They were once a popular destination for many German schoolchildren: as a result of Brexit and the pandemic, a number of British language schools have found themselves in dire straits. The Tourism Alliance expects a severe drop in sales this year, which will endanger 40,000 jobs, as the Observer reported on Easter Sunday.
Language travelers prefer to fly to Ireland and Malta
According to the association, before Brexit, more than 1.5 million children and young people came to Great Britain on organized school trips or individual language trips to learn English. They accounted for about eleven percent of annual tourism revenue. In the meantime, many interested parties are more likely to choose Ireland and Malta.
Corona entry rules, which have long posed high hurdles, no longer apply in Great Britain. However, after Brexit, all EU citizens must now show a passport, and those arriving from outside the EU even need a visa. This is having a “destructive impact on a large number of smaller businesses,” Kurt Janson, head of the Tourism Alliance, told the newspaper.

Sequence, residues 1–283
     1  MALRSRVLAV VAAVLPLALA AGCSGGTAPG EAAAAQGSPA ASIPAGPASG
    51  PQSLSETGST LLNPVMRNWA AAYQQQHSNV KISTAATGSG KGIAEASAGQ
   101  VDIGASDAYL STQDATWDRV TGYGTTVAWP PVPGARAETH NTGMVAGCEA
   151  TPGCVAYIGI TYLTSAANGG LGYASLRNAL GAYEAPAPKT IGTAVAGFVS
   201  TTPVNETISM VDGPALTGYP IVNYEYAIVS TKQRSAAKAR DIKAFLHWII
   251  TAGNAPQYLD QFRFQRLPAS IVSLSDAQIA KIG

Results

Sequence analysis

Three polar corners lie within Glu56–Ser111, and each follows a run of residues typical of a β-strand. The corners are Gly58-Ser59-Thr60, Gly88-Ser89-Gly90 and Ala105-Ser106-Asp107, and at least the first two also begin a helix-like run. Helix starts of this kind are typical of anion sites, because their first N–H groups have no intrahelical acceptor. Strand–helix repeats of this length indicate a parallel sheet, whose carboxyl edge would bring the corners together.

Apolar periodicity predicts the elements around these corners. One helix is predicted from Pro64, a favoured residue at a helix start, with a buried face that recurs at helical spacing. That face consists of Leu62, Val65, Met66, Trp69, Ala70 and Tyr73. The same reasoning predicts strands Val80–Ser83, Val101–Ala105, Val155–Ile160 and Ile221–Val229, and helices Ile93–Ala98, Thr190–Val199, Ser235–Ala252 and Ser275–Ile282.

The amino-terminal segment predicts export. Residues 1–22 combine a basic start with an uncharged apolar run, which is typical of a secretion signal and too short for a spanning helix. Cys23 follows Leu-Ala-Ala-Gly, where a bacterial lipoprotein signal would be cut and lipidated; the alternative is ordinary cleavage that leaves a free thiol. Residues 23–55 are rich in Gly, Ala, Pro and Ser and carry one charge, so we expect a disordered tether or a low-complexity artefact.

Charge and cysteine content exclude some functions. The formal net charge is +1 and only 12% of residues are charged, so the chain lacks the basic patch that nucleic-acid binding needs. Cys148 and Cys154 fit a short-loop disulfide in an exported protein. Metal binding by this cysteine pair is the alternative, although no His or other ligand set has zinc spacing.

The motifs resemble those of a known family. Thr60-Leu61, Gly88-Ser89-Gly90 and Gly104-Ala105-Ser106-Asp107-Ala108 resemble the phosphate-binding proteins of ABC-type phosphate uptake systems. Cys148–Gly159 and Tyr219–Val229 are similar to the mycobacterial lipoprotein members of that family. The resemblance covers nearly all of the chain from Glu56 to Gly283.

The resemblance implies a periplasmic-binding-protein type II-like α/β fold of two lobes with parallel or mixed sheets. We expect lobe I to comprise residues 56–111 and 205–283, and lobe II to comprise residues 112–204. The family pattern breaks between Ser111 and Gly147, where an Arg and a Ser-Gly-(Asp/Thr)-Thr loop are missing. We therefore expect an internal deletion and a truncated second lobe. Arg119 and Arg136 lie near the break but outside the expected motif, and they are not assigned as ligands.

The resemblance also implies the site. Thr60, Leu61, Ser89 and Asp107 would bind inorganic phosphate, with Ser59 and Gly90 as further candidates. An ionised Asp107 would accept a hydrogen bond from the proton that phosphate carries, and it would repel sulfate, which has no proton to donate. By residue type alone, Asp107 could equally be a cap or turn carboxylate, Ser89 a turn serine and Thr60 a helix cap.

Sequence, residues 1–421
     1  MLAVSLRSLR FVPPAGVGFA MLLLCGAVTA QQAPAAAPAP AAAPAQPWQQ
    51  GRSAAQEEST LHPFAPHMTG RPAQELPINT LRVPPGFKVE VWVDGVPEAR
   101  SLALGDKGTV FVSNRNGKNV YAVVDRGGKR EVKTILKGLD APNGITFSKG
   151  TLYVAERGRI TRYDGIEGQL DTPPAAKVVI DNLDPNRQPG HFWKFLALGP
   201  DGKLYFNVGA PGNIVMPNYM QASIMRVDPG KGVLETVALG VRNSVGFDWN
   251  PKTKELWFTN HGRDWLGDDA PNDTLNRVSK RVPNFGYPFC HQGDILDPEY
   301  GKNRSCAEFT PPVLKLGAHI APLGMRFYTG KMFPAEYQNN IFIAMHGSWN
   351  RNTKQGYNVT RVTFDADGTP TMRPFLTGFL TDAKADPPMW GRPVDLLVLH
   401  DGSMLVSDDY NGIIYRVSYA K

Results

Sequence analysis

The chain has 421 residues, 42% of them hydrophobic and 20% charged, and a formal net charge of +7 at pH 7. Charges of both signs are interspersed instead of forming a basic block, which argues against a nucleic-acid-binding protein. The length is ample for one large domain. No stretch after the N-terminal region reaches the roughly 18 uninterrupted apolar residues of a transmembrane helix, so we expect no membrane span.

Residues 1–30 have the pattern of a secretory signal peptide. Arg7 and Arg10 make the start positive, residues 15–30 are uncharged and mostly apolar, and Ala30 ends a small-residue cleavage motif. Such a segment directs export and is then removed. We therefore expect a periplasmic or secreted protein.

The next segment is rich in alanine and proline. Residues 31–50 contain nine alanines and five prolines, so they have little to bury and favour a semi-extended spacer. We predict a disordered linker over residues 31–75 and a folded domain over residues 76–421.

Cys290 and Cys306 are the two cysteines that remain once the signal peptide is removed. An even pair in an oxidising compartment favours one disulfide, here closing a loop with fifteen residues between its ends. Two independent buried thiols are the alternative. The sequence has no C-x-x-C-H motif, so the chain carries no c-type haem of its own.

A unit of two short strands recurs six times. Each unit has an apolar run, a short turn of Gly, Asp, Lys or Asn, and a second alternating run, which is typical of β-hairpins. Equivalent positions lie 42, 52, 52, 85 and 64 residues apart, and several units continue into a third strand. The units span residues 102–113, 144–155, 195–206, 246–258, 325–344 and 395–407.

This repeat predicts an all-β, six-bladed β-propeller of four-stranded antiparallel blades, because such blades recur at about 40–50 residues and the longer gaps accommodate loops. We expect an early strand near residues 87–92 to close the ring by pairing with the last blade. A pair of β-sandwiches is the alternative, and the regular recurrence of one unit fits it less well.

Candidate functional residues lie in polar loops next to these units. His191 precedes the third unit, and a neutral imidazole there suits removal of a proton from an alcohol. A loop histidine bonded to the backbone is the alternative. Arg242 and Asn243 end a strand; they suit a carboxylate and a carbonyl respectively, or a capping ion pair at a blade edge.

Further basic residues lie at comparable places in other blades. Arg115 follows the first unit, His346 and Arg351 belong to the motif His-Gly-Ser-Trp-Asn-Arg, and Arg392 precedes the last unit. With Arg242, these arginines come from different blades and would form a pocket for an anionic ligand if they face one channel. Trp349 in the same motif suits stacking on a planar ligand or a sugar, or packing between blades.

A third of the school travel market in Great Britain is in danger of collapsing
“The collapse of the school travel market is unnecessary because school children do not pose a safety risk,” said Janson. They would not start working illegally and their parents were anxious that they would come back home. The British government must therefore find “pragmatic solutions” together with the industry.
The association English UK, in which many language schools are organized, says that 15 percent of its own members have closed their operations permanently. “Then there is another 15 percent who are not sure if they will survive the year,” said association director Huan Japes. “So we could lose 30 percent.”
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